AND Choose What To Teach

August 4th, 2013

 As I was walking the beach, I noticed very little children being guided to enjoy the sand and water by attending adults. I listened as one adult adopted an excited tone to indicate how exciting the waves would be. AND it got me thinking about how we either help kids and each other to see the world as a place of discovery or something to be feared.

The child learns whether to feel safe from the adults around her or him. AND our conscious choice to discern what is truly safe from what is truly harmful or life threatening is conveyed in our nonverbal behavior. Rarely is it what we say, although that matters. More often it is an even tone (calm), a smile, and eye contact that reassure a child or adult that the situation is safe because we project confidence in it and our ability to handle it.

I remember, as a nanny, going to the zoo with a two-year child. I am not fond of snakes. The child was intrigued by snakes and things that slithered on the ground. We went to a zoo that had a separate reptile house filled with such treasures. I remember how important it was to me that I not convey my fear or discomfort. Yet, I wasn’t sure I could easily detach from my own feelings. So I told the child that I was not comfortable with snakes AND that my discomfort wasn’t about the snakes. I explained that it was about me AND that I wanted him to spend as long as he wanted up close to the snakes. I let him know that I would walk a few feet back where he could see me.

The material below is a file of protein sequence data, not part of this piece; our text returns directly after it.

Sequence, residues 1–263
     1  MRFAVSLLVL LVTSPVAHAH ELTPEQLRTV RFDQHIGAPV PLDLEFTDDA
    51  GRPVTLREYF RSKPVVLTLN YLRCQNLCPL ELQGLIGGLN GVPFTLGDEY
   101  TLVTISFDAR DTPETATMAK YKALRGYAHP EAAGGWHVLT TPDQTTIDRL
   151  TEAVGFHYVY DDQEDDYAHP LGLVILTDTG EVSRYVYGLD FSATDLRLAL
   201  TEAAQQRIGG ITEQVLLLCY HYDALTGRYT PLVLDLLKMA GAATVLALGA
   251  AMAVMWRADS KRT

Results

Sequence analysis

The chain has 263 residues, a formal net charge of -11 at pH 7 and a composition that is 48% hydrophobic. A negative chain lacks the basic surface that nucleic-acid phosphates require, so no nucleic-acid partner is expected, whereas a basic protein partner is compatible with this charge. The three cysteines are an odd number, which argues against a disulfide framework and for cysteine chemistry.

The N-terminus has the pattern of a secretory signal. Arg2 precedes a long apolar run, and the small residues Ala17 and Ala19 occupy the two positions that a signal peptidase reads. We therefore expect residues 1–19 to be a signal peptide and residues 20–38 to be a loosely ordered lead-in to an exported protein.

This beautifully sensitive child did spend time at the windows and cages, enthralled with the snakes and other reptiles. When he was finished, he came to me, slipped his hand in mine, looked directly into my eyes and asked, “Do you still have the willies?” I laughed and he knew I was fine. His own experience was one of discovery and delight.

That day a child taught me how to feel ok about something I wished didn’t bother me (yet, it did) AND I taught him not to adopt my fears. I wonder what would happen if we would acknowledge our hesitations in ways that help others not to pick up our fears and ad them to their own. The world has so much to offer if we choose to engage it as a place of discovery and discern our own sense of fear, rather than unconsciously adopting what others unconsciously transmit.

We just might learn to change our workplaces and personal lives to be contexts where we are less afraid of change and people we don’t know AND more open to discovery based on direct experience.

Comments are closed.